A 37-year-old woman recently went to her eye doctor complaining of itching and watering eyes. While taking a close look, the doctor saw this freaky sight staring back.
How did I just do that? I’m using Windows Hello, a new feature of Windows 10 that can log you in with your face instead of a password.
In the future, the US government has removed human oversight from its drone missions, leaving unmanned military operations and surveillance to an AI. But the folks behind the project regret that decision when the AI starts targeting humanity at large.
The Iris+ looks pretty cool. Just dream of practically anything you'd like a drone to do, and chances are the new 3D Robotics quadcopter will do it. Autonomous flight? Check. Longer flight time? Check. Dynamic LED lights for directional awareness? Check. Crazy-ass "Follow Me" function? Check.
NASA's sun-observing IRIS spacecraft has gotten its first close-up look at a colossal coronal mass ejection erupting from the sun, and boy howdy is it beautiful.
For the first time ever, NASA has been able to capture a massive solar eruption with unprecedented detail using IRIS, a highly sensitive instrument that can only cover a relatively small zone of the Sun at any give time. Catching this involved "some educated guesses and a little bit of luck."
Late last month, NASA's Interface Region Imaging Spectrograph (aka IRIS) witnessed the strongest solar flare it's glimpsed since its launch last year.
NASA has a new Sun observatory spacecraft in space. She's called Iris and she opened her eyes for the first time last June. Now she's sending images that are challenging scientist's understanding of our home star, according to Bart De Pontieu, the IRIS science lead at Lockheed Martin:
If you're into tweaking and fiddling with your gadgets but don't have the time to start a big project from scratch, the new Iris drone from 3D Robotics could be up your street.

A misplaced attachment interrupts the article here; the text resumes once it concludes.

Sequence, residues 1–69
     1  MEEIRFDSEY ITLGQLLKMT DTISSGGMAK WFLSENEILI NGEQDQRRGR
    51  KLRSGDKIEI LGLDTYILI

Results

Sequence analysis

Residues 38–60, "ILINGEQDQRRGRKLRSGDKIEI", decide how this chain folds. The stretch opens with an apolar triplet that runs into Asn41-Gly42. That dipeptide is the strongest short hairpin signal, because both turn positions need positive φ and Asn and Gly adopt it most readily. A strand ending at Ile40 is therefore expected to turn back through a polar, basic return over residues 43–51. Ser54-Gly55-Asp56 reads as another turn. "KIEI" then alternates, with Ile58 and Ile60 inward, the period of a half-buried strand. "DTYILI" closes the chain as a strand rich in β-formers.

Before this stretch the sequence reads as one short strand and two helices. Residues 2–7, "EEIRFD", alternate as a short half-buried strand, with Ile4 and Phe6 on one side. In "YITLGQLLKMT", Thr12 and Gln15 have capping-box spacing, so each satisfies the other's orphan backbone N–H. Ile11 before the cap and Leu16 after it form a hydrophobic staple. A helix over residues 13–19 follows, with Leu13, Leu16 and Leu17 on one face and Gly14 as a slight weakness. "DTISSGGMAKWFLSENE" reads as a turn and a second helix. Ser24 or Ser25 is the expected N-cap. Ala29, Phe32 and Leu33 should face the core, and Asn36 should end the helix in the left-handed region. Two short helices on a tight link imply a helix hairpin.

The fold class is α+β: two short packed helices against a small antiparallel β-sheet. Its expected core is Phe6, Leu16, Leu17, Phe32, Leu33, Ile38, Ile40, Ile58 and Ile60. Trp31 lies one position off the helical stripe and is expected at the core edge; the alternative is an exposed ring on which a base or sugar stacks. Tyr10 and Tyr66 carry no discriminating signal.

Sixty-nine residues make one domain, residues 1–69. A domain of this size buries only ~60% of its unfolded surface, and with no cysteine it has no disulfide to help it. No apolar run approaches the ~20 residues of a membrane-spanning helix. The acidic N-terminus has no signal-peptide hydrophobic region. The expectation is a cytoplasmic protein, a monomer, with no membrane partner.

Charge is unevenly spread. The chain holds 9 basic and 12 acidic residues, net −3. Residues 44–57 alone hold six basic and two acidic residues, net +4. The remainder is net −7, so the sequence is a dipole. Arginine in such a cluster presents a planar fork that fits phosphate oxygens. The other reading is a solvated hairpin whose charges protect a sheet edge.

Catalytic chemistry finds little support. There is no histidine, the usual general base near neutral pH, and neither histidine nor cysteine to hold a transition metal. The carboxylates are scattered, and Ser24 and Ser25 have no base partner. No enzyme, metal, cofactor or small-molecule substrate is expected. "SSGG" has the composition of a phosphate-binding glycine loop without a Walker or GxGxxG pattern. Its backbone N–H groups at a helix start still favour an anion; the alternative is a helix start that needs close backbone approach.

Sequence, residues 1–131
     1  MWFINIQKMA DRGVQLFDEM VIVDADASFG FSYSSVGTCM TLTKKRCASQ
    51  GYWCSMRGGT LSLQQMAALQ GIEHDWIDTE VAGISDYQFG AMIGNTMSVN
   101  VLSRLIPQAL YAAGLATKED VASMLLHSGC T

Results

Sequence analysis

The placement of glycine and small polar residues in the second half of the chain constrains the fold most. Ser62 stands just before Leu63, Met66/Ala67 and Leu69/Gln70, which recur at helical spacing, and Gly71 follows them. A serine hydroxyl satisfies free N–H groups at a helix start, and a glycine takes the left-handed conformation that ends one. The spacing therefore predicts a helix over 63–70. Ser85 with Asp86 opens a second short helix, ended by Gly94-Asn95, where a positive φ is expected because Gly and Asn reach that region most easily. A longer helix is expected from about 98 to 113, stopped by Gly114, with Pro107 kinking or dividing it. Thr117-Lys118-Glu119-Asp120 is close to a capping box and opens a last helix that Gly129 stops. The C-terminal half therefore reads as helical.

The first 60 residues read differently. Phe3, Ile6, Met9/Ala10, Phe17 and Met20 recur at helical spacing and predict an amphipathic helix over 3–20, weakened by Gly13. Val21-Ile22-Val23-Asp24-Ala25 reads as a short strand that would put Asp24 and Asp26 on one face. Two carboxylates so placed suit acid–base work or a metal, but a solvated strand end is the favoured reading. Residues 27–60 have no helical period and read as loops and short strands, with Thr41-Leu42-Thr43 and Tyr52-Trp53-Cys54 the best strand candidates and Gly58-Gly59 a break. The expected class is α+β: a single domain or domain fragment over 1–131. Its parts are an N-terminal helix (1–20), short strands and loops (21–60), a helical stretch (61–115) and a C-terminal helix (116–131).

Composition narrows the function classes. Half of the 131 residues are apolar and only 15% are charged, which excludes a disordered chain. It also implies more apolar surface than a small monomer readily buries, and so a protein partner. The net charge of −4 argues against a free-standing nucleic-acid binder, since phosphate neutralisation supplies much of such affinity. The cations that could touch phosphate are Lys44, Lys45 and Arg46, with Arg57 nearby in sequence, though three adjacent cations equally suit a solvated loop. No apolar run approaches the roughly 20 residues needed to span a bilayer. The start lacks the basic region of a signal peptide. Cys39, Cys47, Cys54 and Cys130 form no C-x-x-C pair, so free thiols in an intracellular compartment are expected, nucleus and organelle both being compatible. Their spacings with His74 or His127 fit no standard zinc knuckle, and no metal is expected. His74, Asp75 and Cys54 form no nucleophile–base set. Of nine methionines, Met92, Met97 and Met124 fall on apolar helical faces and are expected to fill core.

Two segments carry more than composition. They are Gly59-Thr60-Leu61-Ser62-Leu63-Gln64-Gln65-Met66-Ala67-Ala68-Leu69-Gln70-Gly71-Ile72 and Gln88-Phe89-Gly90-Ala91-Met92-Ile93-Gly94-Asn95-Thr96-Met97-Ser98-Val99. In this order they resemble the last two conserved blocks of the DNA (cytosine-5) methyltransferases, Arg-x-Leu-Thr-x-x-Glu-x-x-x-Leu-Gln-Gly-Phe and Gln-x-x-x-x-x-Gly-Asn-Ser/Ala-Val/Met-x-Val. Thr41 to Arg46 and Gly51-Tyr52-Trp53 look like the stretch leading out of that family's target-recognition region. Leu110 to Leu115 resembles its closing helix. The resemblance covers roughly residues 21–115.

Launched late last month, NASA's Interface Region Imaging Spectrograph (IRIS) is designed to observe little-explored lower layers of the Sun's multi-level atmosphere in unprecedented detail – and its first images are already turning up surprises.
The Sun actually gets hotter as you travel away from its surface, jumping from 6,000 K there to over 1,000,000 K a few million kilometers above in the corona. This effect contributes to solar flares that can damage earthbound electronics and we have no idea how it does this. But NASA is about to find out thanks to the…
So, what, you think you're better than Batman? The Caped Crusader's out there protecting an entire city without packing heat but you can't defend your little abode without a gun? For shame! Here are four methods for protecting you and yours without exercising the Second Amendment.
The Iris home security and energy monitor system from Lowes now does more than just track your water and electricity usage. The company has just rolled out its newest service aimed at America's aging population, Iris Care.
Manual locks and dumb thermostats are old technology in our internet-connected world. With a Wi-Fi connection and an hour of free time, you can put home security and climate controls online—and give your home a brain.
Ok, so Rosie the Robot may still be a few iterations away, but the rest of your house, from your doorbell to your toaster, is about to get much, much, smarter.
I'm sure Amazon founder and CEO Jeff Bezos doesn't know about this, but he's funding a seemingly Christian extremist search engine that is anti-abortion, anti-evolution, racist and even thinks that rape may be justifiable. It's called ChaCha, and it powers Android's most popular Siri competitor, Iris.
It's true! In fact, you have more than fifty sphincters in your entire body, and most of them have nothing to do with controlling your bowel movements.
Have an Android phone? Jealous of Siri? Probably not. But if you are! There's a new application called Iris (Siri backwards, heh) that kind of, sort of emulates what Siri does. You tap a mic, you talk and Iris responds to you.
Pixiq has a great write up on the similarities and differences between the human eye and a camera. Apparently, we're the same in image focusing and light adjustment but different in lens focus and sensitivity to light. What else?